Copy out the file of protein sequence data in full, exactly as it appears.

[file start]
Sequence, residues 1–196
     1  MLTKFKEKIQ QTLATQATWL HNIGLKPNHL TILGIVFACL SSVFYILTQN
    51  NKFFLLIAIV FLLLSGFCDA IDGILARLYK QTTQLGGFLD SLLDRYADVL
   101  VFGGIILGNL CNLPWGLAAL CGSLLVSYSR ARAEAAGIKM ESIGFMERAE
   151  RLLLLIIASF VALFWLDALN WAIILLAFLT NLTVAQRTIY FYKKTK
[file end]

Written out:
Sequence, residues 1–196
     1  MLTKFKEKIQ QTLATQATWL HNIGLKPNHL TILGIVFACL SSVFYILTQN
    51  NKFFLLIAIV FLLLSGFCDA IDGILARLYK QTTQLGGFLD SLLDRYADVL
   101  VFGGIILGNL CNLPWGLAAL CGSLLVSYSR ARAEAAGIKM ESIGFMERAE
   151  RLLLLIIASF VALFWLDALN WAIILLAFLT NLTVAQRTIY FYKKTK